By: Lauren Della Stua
Impunity Watch Staff Writer
KOBLENZ, Germany – On February 24, 2021, in the first case of its kind, a German court sentenced a Syrian intelligence officer to four and a half years imprisonment for aiding crimes against humanity.
Gharib was a former low-ranking member of Syria’s intelligence service, serving under President Bashar Assad’s regime. During an uprising in 2011, Gharib was ordered to arrest protestors and bring them to al-Khatib, a prison in Damascus. Gharib has been accused of detaining over 30 prisoners who were tortured.
While Gharib was eligible for a sentence of more than 10 years, the court considered mitigating factors. His attorney argued “necessity as defense”, in that Gharib feared for his life and his family’s lives if he did not follow orders.
The primary defendant Anwar Raslan, Gharib’s ranking supervisor, has also been charged with overseeing the torture but has not yet been sentenced. He is accused of supervising the torture of over 4,000 people, resulting in at least 58 deaths.
So, how did the German court become involved?
After leaving Syria in 2013, both defendants sought asylum in Germany in 2019. Raslan approached German Police claiming that the Syrian Secret Service was after him. Following an investigation of his claims, the German Police discovered he was accused of torture. A Syrian refugee also came forward after recognizing Raslan on the street. Gharib was originally a witness in the case against Raslan but became a suspect in torture accusations.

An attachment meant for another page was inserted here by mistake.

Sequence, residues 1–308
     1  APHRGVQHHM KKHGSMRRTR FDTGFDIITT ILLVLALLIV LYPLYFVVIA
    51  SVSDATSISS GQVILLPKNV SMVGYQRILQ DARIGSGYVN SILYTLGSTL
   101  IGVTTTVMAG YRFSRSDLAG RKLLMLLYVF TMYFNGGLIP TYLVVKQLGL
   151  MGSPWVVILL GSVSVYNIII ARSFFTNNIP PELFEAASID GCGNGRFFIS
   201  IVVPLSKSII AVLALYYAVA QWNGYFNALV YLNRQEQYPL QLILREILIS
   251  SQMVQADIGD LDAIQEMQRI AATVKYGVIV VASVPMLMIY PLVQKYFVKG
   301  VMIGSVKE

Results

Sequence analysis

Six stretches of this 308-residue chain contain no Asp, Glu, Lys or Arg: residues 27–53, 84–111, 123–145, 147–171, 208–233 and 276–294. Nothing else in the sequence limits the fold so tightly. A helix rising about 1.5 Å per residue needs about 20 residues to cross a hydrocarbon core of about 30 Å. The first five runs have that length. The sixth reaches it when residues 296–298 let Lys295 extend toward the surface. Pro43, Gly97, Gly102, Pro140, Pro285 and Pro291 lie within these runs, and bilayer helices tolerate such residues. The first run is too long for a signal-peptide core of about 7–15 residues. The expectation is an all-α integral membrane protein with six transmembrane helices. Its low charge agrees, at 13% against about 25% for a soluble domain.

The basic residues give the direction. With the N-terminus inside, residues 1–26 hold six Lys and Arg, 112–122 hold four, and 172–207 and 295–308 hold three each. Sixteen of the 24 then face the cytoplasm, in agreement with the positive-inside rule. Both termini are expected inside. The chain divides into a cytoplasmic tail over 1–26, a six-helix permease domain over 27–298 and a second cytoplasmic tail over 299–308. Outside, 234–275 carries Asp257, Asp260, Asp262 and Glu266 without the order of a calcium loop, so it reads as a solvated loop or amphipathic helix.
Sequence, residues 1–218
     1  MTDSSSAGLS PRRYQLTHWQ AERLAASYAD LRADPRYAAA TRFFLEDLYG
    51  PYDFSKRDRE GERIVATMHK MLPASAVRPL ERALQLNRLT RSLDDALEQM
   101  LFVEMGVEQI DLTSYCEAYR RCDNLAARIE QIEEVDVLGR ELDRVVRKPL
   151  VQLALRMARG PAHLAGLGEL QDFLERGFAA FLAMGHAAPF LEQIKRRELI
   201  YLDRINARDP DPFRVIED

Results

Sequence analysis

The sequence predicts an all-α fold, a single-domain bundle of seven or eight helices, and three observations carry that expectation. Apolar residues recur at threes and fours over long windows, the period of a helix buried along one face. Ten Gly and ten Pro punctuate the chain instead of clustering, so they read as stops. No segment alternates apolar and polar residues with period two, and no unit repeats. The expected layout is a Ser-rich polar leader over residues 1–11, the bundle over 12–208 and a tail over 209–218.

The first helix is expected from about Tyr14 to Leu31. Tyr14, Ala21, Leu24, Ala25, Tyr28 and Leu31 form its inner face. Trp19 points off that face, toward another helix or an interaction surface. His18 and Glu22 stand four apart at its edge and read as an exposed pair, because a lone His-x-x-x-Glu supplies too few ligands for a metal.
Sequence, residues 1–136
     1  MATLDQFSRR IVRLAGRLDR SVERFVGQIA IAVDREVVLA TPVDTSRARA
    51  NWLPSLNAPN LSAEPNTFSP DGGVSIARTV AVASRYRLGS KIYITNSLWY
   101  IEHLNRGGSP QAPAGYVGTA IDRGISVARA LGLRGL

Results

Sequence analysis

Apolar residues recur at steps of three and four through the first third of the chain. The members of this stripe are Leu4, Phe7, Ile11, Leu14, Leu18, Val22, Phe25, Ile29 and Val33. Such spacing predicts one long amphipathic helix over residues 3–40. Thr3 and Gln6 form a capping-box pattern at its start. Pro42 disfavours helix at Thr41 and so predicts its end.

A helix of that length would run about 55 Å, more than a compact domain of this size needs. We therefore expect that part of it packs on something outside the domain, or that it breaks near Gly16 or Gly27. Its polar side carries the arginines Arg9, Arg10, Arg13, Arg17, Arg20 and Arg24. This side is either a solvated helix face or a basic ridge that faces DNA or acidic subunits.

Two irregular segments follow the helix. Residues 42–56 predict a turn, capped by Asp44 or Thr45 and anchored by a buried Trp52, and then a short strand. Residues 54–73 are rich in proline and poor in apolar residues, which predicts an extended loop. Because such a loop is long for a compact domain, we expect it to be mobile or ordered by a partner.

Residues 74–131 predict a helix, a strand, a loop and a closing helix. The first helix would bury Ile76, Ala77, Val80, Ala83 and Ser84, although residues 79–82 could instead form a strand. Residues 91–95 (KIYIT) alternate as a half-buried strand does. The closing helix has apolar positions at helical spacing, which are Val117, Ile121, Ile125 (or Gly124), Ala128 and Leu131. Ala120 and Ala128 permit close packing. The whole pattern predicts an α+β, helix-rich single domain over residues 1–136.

Germany is not only home to over 800,000 Syrian refugees, but also has adopted a policy of universal jurisdiction. The policy allows the German courts to prosecute crimes against humanity that occurred anywhere in the world, regardless of whether the plaintiffs or defendants are German citizens.
But there are international implications that have arisen out of the universal jurisdiction policy, including this landmark case decision. Russia and China have blocked attempts by the United Nations Security Council to prosecute Syrian war crimes in the International Criminal Court. Mohammad Al-Abdallah, the director of the Syria Justice and Accountability Center, claimed that the decision will “deter anyone else from defecting or joining the opposition or supplying information to human rights groups.”
Conversely, many believe that the ruling of aiding crimes against humanity will set an international precedent and facilitate more convictions of crimes against humanity.
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